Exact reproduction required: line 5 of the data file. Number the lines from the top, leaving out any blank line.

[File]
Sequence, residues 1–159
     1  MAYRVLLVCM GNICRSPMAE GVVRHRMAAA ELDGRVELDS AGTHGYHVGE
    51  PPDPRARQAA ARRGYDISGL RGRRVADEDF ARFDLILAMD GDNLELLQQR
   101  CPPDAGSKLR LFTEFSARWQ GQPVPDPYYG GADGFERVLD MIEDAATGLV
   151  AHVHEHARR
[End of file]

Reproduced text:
   151  AHVHEHARR